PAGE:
Geologists examine drift logs stranded up to 18.5 meters above sea level and 900 meters from the shoreline of Stardust Bay on the remote Pacific coast of Sedanka Island, Alaska. The logs were carried inland and deposited in 1957 by a large tsunami generated by the magnitude 8.6 Andreanof Islands earthquake. The elevations of the drift logs provide estimates of the minimum run-up of tsunami waves. Credit: Robert Witter
Source: Geophysical Research Letters

When we think about what causes an earthquake, the first thing that usually comes to mind is a fault that slips suddenly—the kind of sudden quakes that can generate tsunamis. But a fault line that creeps—when two tectonic plates slide against each other smoothly—probably wouldn’t be considered a major suspect for tsunami-causing earthquakes. Far north off the Aleutian Islands, however, a creeping section of the Aleutian Subduction Zone might be the source of past and future tsunamis that could impact coastal areas around the Pacific Ocean.

Geologists also discovered six extensive sand sheets that blanketed the coastal plain separating the logs from the shoreline. The sheets contain sand from nearshore marine environments transported inland by six large tsunamis in the past 1700 years, including the 1957 tsunami. Carbon-14 age estimates for the sand sheets indicate that Stardust Bay has been hit by large tsunamis every 300–340 years, on average. Credit: Robert Witter

Witter et al. explored the coastal geology at Stardust Bay on Sedanka Island, Alaska, above a creeping part of the Aleutian Subduction Zone, and identified six tsunami events recorded in distinct marine sand layers. Drift logs and other landforms near the beach also provide clues that tsunamis historically hit the shores of Sedanka Island. These included shallow ponds, a swale just behind the current beach berm, an apparent tsunami terrace, and unusual stream channels most likely caused by posttsunami backflow.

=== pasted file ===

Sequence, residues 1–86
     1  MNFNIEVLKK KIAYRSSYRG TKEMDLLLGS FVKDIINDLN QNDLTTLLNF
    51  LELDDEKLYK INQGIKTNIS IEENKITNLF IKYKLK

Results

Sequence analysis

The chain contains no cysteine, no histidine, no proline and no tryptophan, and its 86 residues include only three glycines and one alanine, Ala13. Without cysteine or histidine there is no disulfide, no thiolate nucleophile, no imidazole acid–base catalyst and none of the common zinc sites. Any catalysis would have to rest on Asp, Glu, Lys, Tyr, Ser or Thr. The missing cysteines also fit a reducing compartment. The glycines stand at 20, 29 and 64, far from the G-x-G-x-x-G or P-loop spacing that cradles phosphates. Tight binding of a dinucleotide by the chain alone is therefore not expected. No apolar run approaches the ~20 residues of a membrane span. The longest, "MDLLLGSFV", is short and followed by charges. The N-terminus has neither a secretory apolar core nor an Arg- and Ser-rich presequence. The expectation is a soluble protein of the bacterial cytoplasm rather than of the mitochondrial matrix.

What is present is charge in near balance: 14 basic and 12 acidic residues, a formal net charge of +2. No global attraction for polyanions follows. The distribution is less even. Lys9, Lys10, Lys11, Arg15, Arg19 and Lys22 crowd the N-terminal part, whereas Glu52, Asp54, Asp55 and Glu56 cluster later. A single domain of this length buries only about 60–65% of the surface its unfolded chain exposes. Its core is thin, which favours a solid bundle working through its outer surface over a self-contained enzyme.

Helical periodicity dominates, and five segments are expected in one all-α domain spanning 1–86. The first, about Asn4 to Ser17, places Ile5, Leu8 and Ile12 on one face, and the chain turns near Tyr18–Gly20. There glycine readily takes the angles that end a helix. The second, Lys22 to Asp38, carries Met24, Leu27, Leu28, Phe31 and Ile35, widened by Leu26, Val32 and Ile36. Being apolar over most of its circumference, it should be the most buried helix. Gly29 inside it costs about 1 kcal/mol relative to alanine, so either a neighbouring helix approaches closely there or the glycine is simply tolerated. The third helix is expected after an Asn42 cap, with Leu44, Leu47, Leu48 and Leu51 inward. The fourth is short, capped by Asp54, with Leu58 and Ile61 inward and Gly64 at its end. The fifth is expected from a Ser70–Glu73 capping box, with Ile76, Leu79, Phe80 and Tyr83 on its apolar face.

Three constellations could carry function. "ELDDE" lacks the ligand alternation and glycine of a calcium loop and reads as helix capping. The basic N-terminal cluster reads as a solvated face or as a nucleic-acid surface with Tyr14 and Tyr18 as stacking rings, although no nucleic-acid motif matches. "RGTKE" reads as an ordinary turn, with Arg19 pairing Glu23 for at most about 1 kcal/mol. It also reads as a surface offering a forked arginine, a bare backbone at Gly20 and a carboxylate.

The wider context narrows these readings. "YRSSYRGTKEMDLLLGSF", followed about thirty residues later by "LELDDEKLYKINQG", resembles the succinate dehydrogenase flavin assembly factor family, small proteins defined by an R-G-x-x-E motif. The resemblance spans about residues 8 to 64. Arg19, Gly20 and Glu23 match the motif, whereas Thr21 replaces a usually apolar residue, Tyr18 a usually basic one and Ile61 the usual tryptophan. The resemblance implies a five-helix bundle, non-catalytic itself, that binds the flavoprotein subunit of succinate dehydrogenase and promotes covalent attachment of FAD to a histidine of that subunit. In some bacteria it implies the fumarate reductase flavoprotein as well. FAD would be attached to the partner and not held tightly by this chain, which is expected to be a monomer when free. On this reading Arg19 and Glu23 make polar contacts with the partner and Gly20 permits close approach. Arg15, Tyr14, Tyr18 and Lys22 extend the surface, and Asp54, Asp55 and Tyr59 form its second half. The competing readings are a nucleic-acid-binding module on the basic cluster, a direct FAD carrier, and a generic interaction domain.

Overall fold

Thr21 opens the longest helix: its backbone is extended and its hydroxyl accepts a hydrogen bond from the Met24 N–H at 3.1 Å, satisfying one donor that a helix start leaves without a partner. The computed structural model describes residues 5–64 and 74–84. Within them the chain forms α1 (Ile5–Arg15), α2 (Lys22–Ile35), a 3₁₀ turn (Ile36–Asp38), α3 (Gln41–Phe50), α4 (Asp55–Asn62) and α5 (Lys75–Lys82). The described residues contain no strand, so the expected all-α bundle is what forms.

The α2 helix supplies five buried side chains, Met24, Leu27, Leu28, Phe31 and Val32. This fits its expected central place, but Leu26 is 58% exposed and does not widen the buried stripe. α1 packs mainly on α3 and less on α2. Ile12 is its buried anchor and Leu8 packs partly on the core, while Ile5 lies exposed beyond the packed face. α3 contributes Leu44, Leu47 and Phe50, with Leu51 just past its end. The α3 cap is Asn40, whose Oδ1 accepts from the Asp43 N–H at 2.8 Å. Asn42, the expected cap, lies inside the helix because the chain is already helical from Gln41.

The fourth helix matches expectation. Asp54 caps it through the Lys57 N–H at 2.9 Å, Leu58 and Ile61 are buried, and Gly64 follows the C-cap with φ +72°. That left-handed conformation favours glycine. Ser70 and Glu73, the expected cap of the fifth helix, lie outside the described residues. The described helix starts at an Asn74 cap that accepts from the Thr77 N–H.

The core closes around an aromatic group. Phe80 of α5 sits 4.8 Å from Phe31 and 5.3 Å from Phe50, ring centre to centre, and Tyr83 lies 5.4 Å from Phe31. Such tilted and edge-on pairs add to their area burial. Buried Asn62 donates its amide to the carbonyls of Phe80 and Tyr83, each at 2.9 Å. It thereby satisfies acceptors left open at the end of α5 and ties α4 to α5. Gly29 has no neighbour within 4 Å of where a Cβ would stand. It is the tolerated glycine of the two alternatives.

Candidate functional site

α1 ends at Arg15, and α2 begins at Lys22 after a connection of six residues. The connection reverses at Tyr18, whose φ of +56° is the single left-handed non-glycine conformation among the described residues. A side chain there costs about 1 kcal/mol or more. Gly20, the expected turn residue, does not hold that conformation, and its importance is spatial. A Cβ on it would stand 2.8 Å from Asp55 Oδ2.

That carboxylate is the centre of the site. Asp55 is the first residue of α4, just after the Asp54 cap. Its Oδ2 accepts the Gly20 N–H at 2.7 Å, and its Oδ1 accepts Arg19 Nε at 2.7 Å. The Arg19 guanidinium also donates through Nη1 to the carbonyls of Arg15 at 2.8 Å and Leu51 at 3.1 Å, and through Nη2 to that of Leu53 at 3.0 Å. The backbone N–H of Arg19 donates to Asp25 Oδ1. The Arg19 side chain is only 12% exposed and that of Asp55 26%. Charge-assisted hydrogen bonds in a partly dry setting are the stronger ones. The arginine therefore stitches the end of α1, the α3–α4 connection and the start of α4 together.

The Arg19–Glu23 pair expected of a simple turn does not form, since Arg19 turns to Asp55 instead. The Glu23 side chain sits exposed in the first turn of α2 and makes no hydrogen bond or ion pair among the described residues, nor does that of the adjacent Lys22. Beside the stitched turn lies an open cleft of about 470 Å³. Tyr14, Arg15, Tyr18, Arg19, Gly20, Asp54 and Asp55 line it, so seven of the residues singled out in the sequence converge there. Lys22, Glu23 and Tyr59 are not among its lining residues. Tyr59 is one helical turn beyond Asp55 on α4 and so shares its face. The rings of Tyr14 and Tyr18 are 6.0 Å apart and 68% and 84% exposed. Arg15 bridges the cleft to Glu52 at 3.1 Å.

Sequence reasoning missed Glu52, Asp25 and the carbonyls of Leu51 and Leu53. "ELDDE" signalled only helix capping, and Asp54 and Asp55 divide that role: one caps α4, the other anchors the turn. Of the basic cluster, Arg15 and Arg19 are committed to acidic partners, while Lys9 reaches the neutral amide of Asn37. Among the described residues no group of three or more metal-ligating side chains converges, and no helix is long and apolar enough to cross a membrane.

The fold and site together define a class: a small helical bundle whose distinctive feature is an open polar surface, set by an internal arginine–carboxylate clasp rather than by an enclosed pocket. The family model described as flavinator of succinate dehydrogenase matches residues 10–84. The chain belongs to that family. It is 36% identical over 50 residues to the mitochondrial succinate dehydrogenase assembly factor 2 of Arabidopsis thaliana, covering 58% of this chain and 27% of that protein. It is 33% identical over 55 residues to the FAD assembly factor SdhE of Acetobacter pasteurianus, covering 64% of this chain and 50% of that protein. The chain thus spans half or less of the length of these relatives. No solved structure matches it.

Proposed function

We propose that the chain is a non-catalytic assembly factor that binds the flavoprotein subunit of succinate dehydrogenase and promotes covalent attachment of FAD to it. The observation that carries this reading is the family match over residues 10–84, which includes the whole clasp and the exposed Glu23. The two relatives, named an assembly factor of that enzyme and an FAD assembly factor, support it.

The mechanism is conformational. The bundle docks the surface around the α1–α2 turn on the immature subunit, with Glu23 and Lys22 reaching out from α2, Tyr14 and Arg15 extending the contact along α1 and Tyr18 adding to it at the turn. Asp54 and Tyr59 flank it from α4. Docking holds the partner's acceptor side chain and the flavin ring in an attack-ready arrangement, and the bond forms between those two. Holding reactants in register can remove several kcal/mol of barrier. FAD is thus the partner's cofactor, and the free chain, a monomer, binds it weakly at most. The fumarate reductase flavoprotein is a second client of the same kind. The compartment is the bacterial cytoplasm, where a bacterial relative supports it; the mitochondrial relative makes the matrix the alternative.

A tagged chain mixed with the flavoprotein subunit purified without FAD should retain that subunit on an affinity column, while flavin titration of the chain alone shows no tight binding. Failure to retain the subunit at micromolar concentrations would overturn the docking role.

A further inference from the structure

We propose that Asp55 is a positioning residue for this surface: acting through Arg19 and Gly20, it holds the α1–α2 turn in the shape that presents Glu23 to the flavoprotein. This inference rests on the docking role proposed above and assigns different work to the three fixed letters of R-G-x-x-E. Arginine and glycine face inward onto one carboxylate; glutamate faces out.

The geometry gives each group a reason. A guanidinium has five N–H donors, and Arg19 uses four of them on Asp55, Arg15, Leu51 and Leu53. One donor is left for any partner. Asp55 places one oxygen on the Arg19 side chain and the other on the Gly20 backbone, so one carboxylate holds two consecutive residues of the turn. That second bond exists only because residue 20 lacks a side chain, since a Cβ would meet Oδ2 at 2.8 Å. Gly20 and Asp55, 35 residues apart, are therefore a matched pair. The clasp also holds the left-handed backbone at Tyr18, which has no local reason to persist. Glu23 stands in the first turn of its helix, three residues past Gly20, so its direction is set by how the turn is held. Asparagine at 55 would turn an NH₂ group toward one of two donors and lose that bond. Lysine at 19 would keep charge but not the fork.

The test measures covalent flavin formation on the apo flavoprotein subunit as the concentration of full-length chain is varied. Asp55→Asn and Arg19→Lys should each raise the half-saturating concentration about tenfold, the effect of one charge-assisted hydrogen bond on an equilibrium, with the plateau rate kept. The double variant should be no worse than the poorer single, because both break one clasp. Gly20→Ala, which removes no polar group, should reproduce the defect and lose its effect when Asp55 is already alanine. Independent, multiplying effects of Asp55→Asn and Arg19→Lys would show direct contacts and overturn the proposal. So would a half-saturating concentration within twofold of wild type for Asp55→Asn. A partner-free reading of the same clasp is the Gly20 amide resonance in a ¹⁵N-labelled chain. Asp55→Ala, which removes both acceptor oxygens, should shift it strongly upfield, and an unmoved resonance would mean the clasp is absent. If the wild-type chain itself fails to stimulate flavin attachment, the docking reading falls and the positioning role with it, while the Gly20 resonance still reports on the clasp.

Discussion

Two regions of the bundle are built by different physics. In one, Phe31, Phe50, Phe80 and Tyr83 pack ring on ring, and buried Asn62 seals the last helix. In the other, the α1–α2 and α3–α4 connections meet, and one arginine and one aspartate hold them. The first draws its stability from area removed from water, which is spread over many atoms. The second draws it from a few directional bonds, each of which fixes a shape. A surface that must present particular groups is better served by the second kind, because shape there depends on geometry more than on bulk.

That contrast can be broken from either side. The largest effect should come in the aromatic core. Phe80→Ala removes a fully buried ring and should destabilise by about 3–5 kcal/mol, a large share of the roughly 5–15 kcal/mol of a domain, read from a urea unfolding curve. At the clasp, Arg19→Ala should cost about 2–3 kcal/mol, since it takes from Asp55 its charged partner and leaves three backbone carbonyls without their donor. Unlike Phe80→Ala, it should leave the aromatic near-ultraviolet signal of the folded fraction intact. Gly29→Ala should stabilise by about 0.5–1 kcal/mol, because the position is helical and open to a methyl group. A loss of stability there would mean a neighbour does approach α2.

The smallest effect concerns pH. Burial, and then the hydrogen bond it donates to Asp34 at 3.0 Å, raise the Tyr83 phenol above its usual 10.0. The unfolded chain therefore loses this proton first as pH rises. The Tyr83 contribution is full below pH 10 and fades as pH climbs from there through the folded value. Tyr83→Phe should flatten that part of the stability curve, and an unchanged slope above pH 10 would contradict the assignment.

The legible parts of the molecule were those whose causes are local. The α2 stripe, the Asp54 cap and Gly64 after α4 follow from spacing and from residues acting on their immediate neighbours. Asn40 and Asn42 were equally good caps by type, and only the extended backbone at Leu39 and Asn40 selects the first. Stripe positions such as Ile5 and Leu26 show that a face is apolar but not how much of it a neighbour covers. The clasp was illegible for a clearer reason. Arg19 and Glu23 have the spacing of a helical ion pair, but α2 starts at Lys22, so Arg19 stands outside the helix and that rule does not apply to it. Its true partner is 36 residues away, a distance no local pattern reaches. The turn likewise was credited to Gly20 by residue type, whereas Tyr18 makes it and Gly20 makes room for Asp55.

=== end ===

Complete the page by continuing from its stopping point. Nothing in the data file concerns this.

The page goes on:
The researchers used radioactive cesium to date the first layer of sand, which most likely was deposited by the 1957 Aleutian tsunami. They used carbon-14 dating for the second through sixth sand layers and found that that second sand bed was laid down by a tsunami that inundated Stardust Bay between 300 and 175 years BP (before present, measured from 1 January 1950 to reflect when radiocarbon dating was first used). The third through sixth sand layers came from tsunamis that occurred from 660 to 560, 1170 to 1010, 1380 to 1280, and 1680 to 1510 years BP, respectively. On average, a tsunami hit Sedanka Island every 300–340 years.

The causes of these tsunamis remain somewhat unclear, as the nearby fault presently creeps and appears not to be storing energy to release in a big seismic event. The researchers simulated the 1957 tsunami and found that the Aleutian Subduction Zone fault would need to have slipped by at least 10 meters in order to generate waves large enough to leave the evidence for inundation that they found in Stardust Bay. Because the subduction fault isn’t currently locked, the team also considered alternative sources for the tsunami—but each potential source relies on rupture of some kind of fault offshore. They even investigated whether an underwater landslide triggered the tsunami but couldn’t find any conclusive evidence for or against such an event. These findings suggest that an unknown tsunami source still lurks within this creeping part of the Aleutian Subduction Zone. (Geophysical Research Letters, doi:10.1002/2015GL066083, 2016)

—Cody Sullivan, Writer Intern

Citation: Sullivan, C. (2016), Unknown tsunami trigger hides along a creeping Aleutian fault, Eos, 97, doi:10.1029/2016EO047207. Published on 3 March 2016.

Text © 2016. The authors. CC BY-NC 3.0
Except where otherwise noted, images are subject to copyright. Any reuse without express permission from the copyright owner is prohibited.